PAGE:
If you’ve never had a stress test, you’re in for a treat — especially if you’ve never used a treadmill before.

Count me among those lucky enough to try running in place for the first time, as part of a medical test.

Soon after my cardiologist scheduled me for the stress test, I was philosophical about it. After all, I like to walk, and this was just like walking indoors for a few minutes, right?

In fact, I was almost looking forward to the experience.

But that changed as soon as the medical technician explained the sequence of events for the test.

After being hooked up to several wires and electrodes, I would start walking briskly on the treadmill. So far, no problem. After a few minutes, the treadmill belt would be inclined, simulating a hill.

OK, I thought; I can do this.

But then they told me about cranking up the speed for the last portion of the test.

This may not be pretty, I thought.

Sure enough, the first couple of minutes were no problem, once I figured out I needed to stay close to the handrail in front. They increased the incline of the treadmill, and the walking got tougher. After about two minutes of this, I was starting to huff and puff a bit.

Then came the fun part. They turned up the speed to a brisk jog, while keeping the incline.

My legs were already tired, and now this?

After about a minute, my shins and ankles felt as if they were about to explode. I was also breathing pretty heavily.

If this is what long-distance runners go through, I thought, I don’t want any part of it.

The technician kept asking me if I could go a few more seconds. Then a few more seconds. Finally, I asked if I could stop.

As soon as she turned off the treadmill, I was told to lie on the exam table so another technician could give me an echocardiogram. My heart was beating so hard, I’m surprised he could get a good look at it.

A few minutes later, I was done. They told me I had done well (I lasted for a little over 7½ minutes), which my cardiologist later told me rated me a “7” on the Duke University assessment scale. That put me at a low risk for heart attack, he said, and the results were appropriate for someone in my age range.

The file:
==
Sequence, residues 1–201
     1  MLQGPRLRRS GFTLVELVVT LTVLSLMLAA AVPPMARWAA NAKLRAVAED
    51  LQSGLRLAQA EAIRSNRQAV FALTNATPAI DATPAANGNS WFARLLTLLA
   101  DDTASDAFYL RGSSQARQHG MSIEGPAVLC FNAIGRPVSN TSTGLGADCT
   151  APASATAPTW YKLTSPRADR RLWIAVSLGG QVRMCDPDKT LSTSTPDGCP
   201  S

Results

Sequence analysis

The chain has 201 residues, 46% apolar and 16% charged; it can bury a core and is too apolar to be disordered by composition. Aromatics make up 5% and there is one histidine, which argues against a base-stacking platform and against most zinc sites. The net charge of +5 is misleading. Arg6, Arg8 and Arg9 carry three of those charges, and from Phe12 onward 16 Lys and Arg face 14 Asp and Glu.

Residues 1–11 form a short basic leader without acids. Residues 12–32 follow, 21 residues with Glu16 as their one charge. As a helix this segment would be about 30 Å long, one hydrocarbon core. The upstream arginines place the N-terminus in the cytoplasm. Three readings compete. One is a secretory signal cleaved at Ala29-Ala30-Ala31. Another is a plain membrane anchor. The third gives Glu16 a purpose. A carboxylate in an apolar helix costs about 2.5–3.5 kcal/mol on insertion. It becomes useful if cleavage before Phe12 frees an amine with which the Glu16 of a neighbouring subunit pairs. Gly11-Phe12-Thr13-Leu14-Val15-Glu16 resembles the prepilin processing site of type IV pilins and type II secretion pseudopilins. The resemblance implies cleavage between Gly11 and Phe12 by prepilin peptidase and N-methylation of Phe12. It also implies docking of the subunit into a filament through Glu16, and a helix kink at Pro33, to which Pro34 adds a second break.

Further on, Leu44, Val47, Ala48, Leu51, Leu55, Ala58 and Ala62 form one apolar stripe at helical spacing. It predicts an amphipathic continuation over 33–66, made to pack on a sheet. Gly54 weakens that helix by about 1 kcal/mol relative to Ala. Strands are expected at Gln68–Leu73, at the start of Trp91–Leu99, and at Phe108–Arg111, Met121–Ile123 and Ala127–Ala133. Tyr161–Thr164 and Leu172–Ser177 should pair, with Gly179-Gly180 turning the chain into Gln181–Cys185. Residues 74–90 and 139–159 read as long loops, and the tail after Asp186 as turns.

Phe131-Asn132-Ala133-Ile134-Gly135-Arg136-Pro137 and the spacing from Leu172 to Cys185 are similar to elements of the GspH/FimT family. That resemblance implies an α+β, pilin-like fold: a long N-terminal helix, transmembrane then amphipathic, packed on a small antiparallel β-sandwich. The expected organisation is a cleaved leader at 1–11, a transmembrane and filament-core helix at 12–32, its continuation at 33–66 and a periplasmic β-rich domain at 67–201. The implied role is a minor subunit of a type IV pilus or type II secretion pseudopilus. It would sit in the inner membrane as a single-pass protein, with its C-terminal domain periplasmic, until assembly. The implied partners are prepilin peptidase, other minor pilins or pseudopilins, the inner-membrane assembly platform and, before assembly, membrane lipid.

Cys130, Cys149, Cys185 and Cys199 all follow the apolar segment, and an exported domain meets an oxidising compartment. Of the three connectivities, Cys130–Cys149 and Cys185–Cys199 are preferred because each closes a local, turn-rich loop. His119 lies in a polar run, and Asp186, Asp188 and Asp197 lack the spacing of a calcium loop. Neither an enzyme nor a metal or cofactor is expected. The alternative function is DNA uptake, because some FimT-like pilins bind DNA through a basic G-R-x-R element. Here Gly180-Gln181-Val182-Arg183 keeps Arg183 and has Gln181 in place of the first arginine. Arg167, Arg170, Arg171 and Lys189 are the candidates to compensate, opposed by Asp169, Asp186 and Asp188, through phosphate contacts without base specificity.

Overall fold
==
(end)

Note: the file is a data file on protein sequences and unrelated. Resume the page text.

Within a few minutes of finishing the treadmill test, my ankles stopped burning and my knees stopped aching.

But when I got up off the exam table to get dressed, my legs were so wobbly I couldn’t have passed a field sobriety test — there’s no way I could have walked a straight line.

As I left the hospital, I felt relieved that I had gotten through the test without experiencing any dizziness or any irregular heartbeats — which was why the test was ordered in the first place.

Still, I had to wonder what had happened to the young guy I used to be — a guy who could walk long distances without getting tired, who rarely needed to see the doctor, and who could stay up until the wee hours of the morning and still function fine the next day.

As best as I can figure, a lot of this is just a matter of age catching up with me. After all, I’ll be 60 next spring, and it’s only natural that health problems start popping up more often — not unlike an older-model car that needs more maintenance and frequent repairs.

Still, I’d rather not have this chassis spend too much time in the shop.

I’d also rather not repeat that stress test again anytime soon.

The treadmill experience was bad enough, but the bill — now that was stressful.

Dave Miller is deputy managing editor of the Killeen Daily Herald. Contact him at dmiller@kdhnews.com or 254-501-7543.

Contact Dave Miller at dmiller@kdhnews.com or (254) 501-7543

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